A few years ago, a second-round draft pick entering his early 20s garnered a ton of praise from the Los Angeles Lakers’ front office as well as the fans. This player was hyped up to be the next big thing alongside LeBron James and Anthony Davis. The Lakers put a lot of stock into this hype, making said player virtually untouchable in trade discussions. That player, Talen Horton-Tucker, failed to deliver for the franchise in the 2021-22 season, forcing them to pivot and trade him last summer.
That memory is a fair reason for Lakers fans to be cautious when it comes to their excitement for Max Christie, a guard who finds himself in a similar position as Horton-Tucker was three years ago. Their cases are certainly similar, as they both were highly-touted high school prospects from Illinois who turned pro after just one season of college basketball, but their NBA profiles are completely different.
Christie played at Michigan State under legendary head coach Tom Izzo. His performance impressed the Lakers enough to where they bought a second-round pick to draft him 35th in 2022. He showed glimpses of potential during his rookie season with the team. Christie, who turned 20 years old in February, split his time between the NBA and the South Bay Lakers.
The Lakers’ front office has made it clear that they are bullish on Christie’s growth, while not necessarily putting burdens of endless hype onto him. Rob Pelinka and the rest of the staff have expressed their hope for Christie, but appear focused on not making the same mistake they did with Horton-Tucker. The team would be immensely better if Christie has a breakout campaign, but they won’t suffer much if he stumbles.
Christie’s weight is listed at 190 pounds, per Basketball Reference, but he put on upwards of 15 pounds during his first season. But it’s not just his new physique, as the second-year guard’s game turned heads at Summer League as well.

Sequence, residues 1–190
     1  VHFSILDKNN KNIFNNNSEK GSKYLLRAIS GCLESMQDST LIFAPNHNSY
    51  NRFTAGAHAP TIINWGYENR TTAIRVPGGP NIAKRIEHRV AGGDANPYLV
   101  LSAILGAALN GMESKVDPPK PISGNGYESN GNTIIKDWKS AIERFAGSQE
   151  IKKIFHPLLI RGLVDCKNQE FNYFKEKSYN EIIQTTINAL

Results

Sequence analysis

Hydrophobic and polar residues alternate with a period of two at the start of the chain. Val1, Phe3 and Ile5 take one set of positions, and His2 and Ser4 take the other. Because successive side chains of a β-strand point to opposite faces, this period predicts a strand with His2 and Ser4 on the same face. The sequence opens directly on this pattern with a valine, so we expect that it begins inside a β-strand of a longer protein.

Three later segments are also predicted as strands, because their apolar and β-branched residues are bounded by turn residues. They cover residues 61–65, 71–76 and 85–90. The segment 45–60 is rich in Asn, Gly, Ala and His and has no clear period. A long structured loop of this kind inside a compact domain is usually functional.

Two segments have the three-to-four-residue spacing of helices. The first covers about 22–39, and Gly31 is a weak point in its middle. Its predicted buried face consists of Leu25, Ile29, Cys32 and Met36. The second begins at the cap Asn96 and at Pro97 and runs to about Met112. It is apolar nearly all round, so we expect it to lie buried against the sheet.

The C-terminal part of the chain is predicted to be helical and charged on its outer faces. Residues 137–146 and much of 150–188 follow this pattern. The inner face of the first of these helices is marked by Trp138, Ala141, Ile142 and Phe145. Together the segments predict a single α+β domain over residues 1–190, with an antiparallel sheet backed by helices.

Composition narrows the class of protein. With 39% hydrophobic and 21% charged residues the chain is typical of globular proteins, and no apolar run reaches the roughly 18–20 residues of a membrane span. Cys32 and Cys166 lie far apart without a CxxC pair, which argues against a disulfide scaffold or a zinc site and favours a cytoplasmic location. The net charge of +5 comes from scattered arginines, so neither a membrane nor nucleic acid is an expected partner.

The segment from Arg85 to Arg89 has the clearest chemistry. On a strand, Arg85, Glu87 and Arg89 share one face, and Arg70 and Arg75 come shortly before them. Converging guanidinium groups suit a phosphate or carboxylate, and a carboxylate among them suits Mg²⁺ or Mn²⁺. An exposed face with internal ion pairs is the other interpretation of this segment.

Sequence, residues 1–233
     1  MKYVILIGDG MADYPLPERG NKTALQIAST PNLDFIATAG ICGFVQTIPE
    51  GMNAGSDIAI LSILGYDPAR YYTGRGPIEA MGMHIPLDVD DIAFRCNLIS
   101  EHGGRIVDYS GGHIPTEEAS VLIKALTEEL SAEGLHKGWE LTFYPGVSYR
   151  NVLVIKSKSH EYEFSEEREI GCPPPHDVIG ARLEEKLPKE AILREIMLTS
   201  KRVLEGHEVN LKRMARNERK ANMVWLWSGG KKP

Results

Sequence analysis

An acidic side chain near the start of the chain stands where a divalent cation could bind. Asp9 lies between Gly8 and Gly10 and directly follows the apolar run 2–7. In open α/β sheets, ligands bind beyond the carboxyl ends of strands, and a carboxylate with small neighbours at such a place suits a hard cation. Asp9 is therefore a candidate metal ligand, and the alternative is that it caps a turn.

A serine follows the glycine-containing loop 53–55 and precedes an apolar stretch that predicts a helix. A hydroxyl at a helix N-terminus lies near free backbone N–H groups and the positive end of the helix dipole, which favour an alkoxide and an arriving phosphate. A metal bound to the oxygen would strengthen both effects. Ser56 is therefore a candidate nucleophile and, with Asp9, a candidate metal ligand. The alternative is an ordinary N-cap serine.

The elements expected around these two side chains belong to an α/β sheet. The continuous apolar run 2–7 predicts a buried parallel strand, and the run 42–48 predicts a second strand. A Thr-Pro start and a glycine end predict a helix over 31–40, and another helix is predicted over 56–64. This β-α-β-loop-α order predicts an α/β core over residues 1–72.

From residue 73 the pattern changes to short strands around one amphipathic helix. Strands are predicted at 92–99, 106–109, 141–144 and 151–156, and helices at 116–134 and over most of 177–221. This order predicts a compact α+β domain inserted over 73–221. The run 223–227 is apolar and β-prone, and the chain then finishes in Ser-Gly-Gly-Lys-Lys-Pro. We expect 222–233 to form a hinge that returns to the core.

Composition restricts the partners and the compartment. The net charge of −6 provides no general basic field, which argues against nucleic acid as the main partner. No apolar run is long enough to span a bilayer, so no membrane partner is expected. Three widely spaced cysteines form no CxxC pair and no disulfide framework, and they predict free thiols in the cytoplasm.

While spending last season in the shadows, Christie worked toward building a frame that aligns with most lanky three-and-D wings in the NBA. While he will mostly match up against guards, his defensive impact has the potential to extend beyond that. His defensive growth from his time at Michigan State to his first NBA offseason has been evident.
Using BBall Index’s player profiles tool, we can see some of the impressive skills that Christie exhibited on both ends of the court. On the defensive end, he excelled in perimeter isolation defense, ranking in the 89th percentile, showing an ability to effectively guard opponents one-on-one on the perimeter. Additionally, he was very proficient in navigating through ball screens and staying attached to his man, ranking in the 81st percentile in that skill. Those abilities will be very important for Christie, as Ham implements a defensive scheme littered with drop coverage on high ball screens.
When considering the defensive assignments he faced as a rookie, Christie’s performance is commendable, ranking in the 78th percentile of matchup difficulty. This indicates that he guarded strong opponents throughout the season. Surprisingly, Christie’s rim protection is also noteworthy, ranking in the 79th percentile. He’s showcased an elite ability for a guard to use his physicality to protect the basket (he averaged 2.3 blocks per game in Las Vegas Summer League en route to making the All-Summer League Second Team).